Olympic skate boarder, Sky Brown, is the very definition of phenomenal. Taking part in Tokyo 2020, at just 13 years old, made her Britain’s youngest ever Olympic competitor. And winning a bronze medal, in spectacular fashion, is only one of her achievements. Just a year ago, she bounced back from a potentially life-changing accident. She’s released a pop song, been immortalised as a Role Model Barbie doll, and appeared in TV ads alongside Simone Biles and Serena Williams. She’s also a talented surfer and plans to compete in both sports at Paris 2024.
It’s not only what she achieves, but how, that’s so impressive. Having a choice of representing host nation, Japan or Great Britain at the Olympics, Sky chose the latter, because Team GB made it clear there was ‘no pressure’ and she could pull out at any time. That seems like a very grown-up decision for a teenager, one that chimes with the focus on mental health at Tokyo 2020.
No wonder 1.3 million people are inspired to follow Sky’s every move on Instagram. And it’s no surprise that many brands are keen to grab a piece of that engagement. The 13-year-old is already worth an estimated £3.5 million and has secured partnerships with, among others, Nike, Vans, Tommy Hilfiger, Claire’s Accessories, Visa and Samsung.
Trust and authenticity
What makes social media influencers so appealing to brands? As well as reaching highly engaged, niche audiences, there’s a level of trust and authenticity that traditional marketing just can’t replicate. Influencers make connections that go way beyond likes and shares. Followers relate.
Top influencers are great storytellers too. Knowing how to grab and keep their fans’ attention is what makes them so successful. Which means they’re able to dig a little deeper and add detail about a product, as well as vital opinions, that any traditional campaign wouldn’t be able to cover.
With someone like Sky, youth is a huge factor in her appeal too. Many of her fans will be those hard to reach teens and tweens, aka Generation Alpha. Gen alphas (kids born from 2010 onwards) are the perfect target for many brands, as this is an age when you can create some of the deepest, most loyal connections. Not to mention an age of prime pester power.
In fact, in seems alphas are having a much greater effect on what their parents buy than in previous generations – and not just in the categories you’d expect. According to Nick Richardson, founder and CEO of The Insights Family, these children, who are growing up in a digital world, now influence things “that do not necessarily concern them” such as the choice of family car or household appliance. So it’s clear that, if kids’ opinions really count, brands really need to court them.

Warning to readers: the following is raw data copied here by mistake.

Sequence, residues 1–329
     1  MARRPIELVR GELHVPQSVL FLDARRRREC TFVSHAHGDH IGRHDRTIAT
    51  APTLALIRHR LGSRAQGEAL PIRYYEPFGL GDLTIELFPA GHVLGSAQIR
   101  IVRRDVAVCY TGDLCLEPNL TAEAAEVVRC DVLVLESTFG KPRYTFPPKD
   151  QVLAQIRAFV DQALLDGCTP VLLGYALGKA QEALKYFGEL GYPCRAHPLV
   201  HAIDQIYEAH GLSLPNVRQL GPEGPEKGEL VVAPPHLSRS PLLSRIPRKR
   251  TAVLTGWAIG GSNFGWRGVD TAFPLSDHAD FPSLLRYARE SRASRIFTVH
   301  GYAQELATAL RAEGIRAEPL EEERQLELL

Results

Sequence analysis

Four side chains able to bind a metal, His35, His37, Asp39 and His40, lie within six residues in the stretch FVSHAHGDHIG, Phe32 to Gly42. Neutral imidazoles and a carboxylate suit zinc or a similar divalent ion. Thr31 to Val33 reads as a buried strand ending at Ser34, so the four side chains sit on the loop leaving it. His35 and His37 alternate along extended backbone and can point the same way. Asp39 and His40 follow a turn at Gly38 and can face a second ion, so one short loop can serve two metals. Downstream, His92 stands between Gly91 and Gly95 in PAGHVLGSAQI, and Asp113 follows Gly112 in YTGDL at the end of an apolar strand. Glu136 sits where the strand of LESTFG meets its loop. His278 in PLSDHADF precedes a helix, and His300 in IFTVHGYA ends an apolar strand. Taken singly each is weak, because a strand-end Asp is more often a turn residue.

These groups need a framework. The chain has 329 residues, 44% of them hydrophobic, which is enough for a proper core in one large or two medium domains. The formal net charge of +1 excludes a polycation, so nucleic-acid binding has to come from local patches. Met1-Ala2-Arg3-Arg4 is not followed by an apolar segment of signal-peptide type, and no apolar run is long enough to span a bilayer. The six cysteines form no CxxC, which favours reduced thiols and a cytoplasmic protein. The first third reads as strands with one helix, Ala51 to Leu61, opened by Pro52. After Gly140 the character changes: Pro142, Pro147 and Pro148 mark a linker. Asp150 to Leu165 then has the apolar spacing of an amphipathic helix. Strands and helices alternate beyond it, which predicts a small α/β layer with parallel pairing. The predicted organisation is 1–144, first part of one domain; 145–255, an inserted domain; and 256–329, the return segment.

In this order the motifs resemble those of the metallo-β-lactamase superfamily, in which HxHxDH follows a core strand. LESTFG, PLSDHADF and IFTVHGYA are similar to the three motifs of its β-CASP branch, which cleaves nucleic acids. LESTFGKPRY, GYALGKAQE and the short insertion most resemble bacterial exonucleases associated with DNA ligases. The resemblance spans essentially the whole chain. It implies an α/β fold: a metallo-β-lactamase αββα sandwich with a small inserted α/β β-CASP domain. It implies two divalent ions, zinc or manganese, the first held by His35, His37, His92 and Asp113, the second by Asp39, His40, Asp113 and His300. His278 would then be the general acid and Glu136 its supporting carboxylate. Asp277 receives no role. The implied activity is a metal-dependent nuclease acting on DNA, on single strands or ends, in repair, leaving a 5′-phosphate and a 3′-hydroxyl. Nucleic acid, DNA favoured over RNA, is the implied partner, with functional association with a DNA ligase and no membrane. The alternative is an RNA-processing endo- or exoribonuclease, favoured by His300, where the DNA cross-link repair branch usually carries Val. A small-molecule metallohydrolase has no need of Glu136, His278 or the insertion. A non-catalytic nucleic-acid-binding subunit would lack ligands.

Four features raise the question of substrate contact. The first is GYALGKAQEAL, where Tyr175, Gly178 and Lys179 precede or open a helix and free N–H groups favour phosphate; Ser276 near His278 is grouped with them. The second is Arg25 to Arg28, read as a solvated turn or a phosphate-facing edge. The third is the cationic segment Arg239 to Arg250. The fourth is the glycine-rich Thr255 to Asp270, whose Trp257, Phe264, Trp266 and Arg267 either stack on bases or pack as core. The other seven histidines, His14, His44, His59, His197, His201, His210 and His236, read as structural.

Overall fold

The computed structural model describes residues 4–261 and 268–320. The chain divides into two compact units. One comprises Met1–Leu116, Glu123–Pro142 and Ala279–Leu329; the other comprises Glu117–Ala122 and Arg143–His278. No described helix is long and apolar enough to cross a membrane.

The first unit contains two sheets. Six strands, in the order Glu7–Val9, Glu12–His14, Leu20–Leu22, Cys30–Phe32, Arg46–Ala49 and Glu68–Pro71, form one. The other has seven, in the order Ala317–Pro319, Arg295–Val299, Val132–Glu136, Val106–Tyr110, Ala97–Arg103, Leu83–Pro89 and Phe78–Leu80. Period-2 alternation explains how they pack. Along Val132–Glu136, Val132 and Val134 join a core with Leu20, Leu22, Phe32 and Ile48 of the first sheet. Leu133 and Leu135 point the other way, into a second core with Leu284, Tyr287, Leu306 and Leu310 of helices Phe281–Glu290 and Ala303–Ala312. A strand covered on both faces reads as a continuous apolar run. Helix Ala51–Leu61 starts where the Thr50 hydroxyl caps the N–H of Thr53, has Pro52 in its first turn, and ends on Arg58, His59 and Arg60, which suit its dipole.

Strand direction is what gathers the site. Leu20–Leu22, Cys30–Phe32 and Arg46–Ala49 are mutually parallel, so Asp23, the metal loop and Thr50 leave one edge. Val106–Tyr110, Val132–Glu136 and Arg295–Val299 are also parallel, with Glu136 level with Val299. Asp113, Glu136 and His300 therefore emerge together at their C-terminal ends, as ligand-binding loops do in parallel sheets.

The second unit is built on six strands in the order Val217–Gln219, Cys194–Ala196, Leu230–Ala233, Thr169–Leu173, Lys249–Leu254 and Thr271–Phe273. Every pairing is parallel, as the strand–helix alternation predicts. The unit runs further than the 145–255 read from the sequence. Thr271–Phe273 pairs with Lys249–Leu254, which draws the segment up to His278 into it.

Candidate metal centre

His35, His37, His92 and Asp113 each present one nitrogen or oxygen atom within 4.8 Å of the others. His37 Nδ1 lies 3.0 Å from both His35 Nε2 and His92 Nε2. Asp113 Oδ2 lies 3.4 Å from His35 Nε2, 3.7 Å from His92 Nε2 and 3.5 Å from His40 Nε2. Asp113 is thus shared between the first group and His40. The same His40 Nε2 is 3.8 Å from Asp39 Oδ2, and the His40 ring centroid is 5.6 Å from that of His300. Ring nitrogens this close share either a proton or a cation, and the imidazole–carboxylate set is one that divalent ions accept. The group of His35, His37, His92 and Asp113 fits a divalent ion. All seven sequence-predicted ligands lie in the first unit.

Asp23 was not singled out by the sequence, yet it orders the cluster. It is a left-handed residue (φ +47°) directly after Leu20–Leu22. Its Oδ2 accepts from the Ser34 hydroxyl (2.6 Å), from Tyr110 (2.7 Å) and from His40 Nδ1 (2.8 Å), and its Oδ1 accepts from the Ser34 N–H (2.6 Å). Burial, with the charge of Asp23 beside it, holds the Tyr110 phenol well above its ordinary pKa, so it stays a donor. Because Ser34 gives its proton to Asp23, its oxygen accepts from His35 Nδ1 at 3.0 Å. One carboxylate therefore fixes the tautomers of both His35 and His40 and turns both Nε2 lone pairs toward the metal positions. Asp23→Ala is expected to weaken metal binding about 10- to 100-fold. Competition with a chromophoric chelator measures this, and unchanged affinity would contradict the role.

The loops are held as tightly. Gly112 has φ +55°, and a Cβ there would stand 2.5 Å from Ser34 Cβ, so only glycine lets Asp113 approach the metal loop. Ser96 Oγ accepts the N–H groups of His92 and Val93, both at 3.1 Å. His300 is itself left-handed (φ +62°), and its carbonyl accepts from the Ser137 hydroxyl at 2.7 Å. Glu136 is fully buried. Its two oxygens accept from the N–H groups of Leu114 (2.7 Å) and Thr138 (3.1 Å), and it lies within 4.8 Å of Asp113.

Influencers as retailers?
A report by Wunderman Thomson in 2019 looked at the phenomenon of the gen alpha consumer and the appeal of influencers. Finding that “Over half (55%) of Generation Alphas will want to buy something if their favourite YouTuber or Instagrammer is using, wearing or consuming it.”
A quarter of young people surveyed said influencers were their biggest driver to buy items. Although their friends still top that (just) at 28%. Compare this to their families at 21% and traditional celebrities, scoring a much lower 6%.
It goes further than that, it seems. Not only do kids want what their social media idols have, a significant number are keen for them to sell it directly to them too. “When asked what’s the one thing they would most like to change about shopping, 14% of kids said it would be for influencers to have their own retail outlets.” The rise of influencer merch can only continue.
Sky Brown is not alone in the realm of young influencers. Perhaps the most famous is Ryan Kaji, aka Ryan’s World (previously Ryan’s Toy Reviews) who boasts 30.3 million subscribers to his YouTube Channel. The 10-year-old started out when he was just four, making entertaining videos of everything from science experiments to unboxing toys.
He now promotes a long list of brands, including Nickleodeon, Mattel, MGA Entertainment, Moose Toys and Lunchables, as well as his own branded toys, clothes and homeware. In both 2018 and 2019, Forbes named Ryan the highest earning YouTube streamer of any age. But he and his family have also faced criticism for blurring the lines between advertising and content. Issues that are now being addressed by ASA (in the UK) and TIA (US) with clearer rules and consequences for ‘non-disclosure’ of advertising content.
Another successful kidfluencer is 13-year-old Tiana Wilson, a British YouTuber with 11.5 million subscribers and a focus on Roblox and unboxing toys. Her latest partnership is with Lego and she, predictably, sells her own range of merchandise.
Other children with over a million subscribers, related branding deals and merch, include 12-year-old Birmingham City footballer Lorenzo Greer aka tekkerz kid and Ethan Gamer, who started his gaming channel at 10 years old.
Like Sky Brown with an Olympics to train for, it seems there’s no stopping these youngsters or their growing brand allure. Influencers are likely to become an ever-more critical part of the marketing mix, as those who’ve lived with social media their entire lives begin to outnumber those who haven’t.
It will be interesting to see whether it all becomes too much though – as more brands get in on the action and the rules around highlighting ad content tighten. Perhaps that precious and elusive ‘authenticity’ will finally fade and the alphas will simply grab their boards and skate on.